Practice. Are there ways in which you need to amend your lesson plan to better
address the key goal(s) of the Practice? If this is your first time doing the activity, consider doing a "run through" with friends or colleagues to see what works and what you may need to change. Alternatively, you could ask a colleague to read over your lesson plan and give you feedback and suggestions for revisions.
What to Do
Think about the progression of the activity from start to finish. One model that
might be useful—and which was originally developed for science
education—is the 5E's instructional model. Each phrase of the learning
sequence can be described using five words that begin with "E": engage, explore, explain, extend, and evaluate. For more information, see
the 5E's Instructional Model.
Outcomes to Look For
How will you know that students learned what you intended them to learn through this
activity? What will be your signs or benchmarks of learning? What questions might you ask to assess their understanding? What, if any, product will they produce?
After you conduct the activity, take a few minutes to reflect on what took place.
How do you think the lesson went? Are there things that you wish you had done differently? What will you change next time? Would you do this activity again?
Students hunt for hidden geometric shapes and work together to recognize the properties of shapes.
- Understand the basic properties of shapes (number of sides, corners, square corners)
- Recognize regularities, similarities, and differences among shapes
- Different colored cut-outs of squares, rectangles, circles, ovals, and triangles in different colors
- Cut out squares, rectangles, circles, and ovals from construction paper (in various colors). You should have enough for each student to find a shape. Cut out sets of three shapes that have something in common (straight sides, four corners, rounded, etc.).
- Save one example of each shape and color to review, then hide the shapes around the room for students to find.
- For very young students, review the shapes and colors, then give each student a shape and ask him or her to find a similar shape hidden in the room.
- Use guiding questions to help students use what they know about the properties of shapes (straight sides, number of corners, etc.) and colors to figure out what makes another shape similar or different. For example, you may ask them what makes their shape like another. Encourage them to justify their thinking.
- Review each shape and color with students. Ask them to describe each shape, its color, the number of sides and corners, or state that it doesn't have any corners. Which shapes are similar? Which are different? Why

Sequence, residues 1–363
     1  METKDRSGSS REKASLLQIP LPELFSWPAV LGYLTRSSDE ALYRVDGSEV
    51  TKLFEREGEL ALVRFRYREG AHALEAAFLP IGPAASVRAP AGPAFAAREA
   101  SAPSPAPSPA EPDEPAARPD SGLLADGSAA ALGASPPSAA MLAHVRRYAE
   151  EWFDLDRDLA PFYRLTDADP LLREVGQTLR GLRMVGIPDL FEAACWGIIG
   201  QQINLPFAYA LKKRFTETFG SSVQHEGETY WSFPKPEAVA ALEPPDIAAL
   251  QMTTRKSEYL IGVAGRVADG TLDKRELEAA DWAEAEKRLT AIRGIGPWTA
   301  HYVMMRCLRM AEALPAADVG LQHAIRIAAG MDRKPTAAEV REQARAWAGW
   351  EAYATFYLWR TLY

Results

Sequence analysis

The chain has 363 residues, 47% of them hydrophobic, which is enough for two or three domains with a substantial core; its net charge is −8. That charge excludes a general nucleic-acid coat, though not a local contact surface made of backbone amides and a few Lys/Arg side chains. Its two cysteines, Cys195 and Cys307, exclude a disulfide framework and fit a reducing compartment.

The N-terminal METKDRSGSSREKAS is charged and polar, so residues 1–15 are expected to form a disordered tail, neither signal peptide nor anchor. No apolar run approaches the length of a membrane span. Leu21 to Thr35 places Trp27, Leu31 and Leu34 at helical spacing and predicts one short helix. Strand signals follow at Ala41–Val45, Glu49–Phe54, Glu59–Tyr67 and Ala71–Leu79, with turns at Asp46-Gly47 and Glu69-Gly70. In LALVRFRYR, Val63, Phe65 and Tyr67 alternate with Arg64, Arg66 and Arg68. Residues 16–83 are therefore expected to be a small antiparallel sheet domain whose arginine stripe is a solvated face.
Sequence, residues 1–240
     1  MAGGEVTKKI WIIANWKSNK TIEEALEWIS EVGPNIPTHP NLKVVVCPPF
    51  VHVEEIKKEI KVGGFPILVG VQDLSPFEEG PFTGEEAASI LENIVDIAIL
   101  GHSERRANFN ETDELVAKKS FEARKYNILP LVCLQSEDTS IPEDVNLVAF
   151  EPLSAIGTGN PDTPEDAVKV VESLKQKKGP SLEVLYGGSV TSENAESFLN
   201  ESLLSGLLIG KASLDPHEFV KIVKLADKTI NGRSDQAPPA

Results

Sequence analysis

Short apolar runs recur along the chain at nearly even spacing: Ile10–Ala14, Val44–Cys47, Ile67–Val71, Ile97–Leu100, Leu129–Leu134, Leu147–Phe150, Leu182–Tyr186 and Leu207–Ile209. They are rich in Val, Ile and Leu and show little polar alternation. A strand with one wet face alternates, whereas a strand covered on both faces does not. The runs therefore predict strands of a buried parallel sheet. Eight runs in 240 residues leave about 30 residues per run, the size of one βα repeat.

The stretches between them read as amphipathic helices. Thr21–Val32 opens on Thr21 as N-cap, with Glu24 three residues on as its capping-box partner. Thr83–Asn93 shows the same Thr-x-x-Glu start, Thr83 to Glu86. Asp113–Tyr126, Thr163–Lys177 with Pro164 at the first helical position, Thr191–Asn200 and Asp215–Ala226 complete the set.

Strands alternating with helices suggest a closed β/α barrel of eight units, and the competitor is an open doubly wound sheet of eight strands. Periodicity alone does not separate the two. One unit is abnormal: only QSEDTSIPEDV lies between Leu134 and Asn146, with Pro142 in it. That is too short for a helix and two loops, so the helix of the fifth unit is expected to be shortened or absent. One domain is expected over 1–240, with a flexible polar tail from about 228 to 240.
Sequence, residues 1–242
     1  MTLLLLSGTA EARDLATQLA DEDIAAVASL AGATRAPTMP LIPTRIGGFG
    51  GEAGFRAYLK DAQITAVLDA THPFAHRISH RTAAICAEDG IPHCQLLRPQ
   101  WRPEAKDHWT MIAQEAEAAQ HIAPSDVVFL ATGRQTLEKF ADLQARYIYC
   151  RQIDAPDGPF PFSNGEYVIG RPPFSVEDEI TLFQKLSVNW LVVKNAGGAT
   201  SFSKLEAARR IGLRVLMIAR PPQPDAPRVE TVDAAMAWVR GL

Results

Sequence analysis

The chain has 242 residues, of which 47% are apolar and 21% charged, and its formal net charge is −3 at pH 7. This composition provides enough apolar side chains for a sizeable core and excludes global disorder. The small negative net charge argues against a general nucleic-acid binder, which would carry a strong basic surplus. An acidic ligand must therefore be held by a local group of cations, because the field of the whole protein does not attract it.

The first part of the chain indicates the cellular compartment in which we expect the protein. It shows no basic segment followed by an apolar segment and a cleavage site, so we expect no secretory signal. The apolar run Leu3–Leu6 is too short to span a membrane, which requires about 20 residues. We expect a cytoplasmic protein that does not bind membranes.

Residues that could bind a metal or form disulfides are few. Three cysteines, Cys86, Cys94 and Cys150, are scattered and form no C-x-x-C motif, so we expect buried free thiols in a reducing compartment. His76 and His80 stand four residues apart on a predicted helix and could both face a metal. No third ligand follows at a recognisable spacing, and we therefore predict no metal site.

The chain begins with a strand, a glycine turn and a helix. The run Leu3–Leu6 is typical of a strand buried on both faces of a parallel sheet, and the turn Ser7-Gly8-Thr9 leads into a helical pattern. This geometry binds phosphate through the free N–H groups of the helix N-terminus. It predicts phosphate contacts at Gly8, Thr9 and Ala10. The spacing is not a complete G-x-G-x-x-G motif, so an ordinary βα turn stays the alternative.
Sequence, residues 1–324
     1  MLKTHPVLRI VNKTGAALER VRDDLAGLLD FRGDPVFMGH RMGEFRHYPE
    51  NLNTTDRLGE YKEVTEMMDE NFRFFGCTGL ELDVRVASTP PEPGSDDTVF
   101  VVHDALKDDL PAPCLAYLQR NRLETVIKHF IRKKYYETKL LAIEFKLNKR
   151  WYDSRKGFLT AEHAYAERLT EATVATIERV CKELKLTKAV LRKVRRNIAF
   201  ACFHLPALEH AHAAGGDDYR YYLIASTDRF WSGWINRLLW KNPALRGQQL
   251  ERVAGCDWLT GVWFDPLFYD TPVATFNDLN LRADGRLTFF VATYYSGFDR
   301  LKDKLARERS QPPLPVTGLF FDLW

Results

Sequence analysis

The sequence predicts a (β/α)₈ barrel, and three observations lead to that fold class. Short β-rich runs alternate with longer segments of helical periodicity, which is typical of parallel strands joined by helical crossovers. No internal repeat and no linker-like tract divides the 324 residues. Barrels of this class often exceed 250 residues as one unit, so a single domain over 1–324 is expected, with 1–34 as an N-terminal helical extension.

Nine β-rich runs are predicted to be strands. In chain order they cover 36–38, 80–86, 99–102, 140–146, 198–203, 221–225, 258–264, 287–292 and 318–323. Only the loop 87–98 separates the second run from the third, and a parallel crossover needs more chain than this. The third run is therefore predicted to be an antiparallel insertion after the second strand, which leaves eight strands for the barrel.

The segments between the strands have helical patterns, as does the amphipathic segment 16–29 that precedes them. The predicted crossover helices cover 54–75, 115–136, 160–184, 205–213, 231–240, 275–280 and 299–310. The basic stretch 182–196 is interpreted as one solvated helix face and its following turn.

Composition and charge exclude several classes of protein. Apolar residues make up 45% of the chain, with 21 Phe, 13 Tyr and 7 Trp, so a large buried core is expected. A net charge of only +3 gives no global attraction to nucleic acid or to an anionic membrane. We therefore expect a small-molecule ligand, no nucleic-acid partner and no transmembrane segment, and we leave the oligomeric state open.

- Explain to students that there are shapes hidden throughout the room for each student to find. As they find the shapes, they need to find two other students to sit with (groups of three) whose shapes have something in common with their own.
- Give students time to find the shapes and two students whose shapes have something in common with their own.
- Give groups time to discuss the properties of their shapes.
- Ask each group to report in, describing where they found their shapes, what shapes they found, and how they are both similar and different.
Teaching Tips for ELLs
- Student participation and engagement
- An understanding of the basic properties of shapes
- Answers that reflect an ability to describe shapes
- The ability to compare and contrast specific properties of shapes, identify similarities, and highlight differences
- The ability to work together in small groups
- Post a graphic representation of each shape and color along with the written word that students can refer to when discussing their shapes and colors. A text-rich environment can help ELLs develop both oral and reading fluency. Terms used to describe the various shapes such as sides, corners, and rounded should also be highlighted and illustrated on the word wall.
- Many English words for geometric shapes have cognates, or similar translations, in other European languages. For example, "triangle" is triángulo and "oval" is óvalo in Spanish. Pointing out cognates allows students to activate background knowledge and to take more risks when speaking English. However, the possibility that ELLs may recognize the word "triangle" as triángulo does not necessarily mean that they can distinguish it from rectángulo, or rectangle.
- Clarify the difference between the words "same" and "similar." Using shapes in different sizes and color to highlight that distinction will promote critical thinking and create discussion using some of the terms and concepts in this activity.
- ELLs often have distinct areas of difficulty when learning English depending upon the linguistic features of their native tongues. Try to listen for areas of difficulty with each student and language group as they describe their shapes. For example, Spanish speakers of English may need to practice the correct word order of adjectives and the nouns they modify (e.g., "red triangle" is triángulo rojo, in Spanish). Speakers of some Asian languages, on the other hand, may have difficulty including a final "s" to indicate a plural. Provide feedback to individual students or groups of students rather than calling attention to these areas in front of the large group.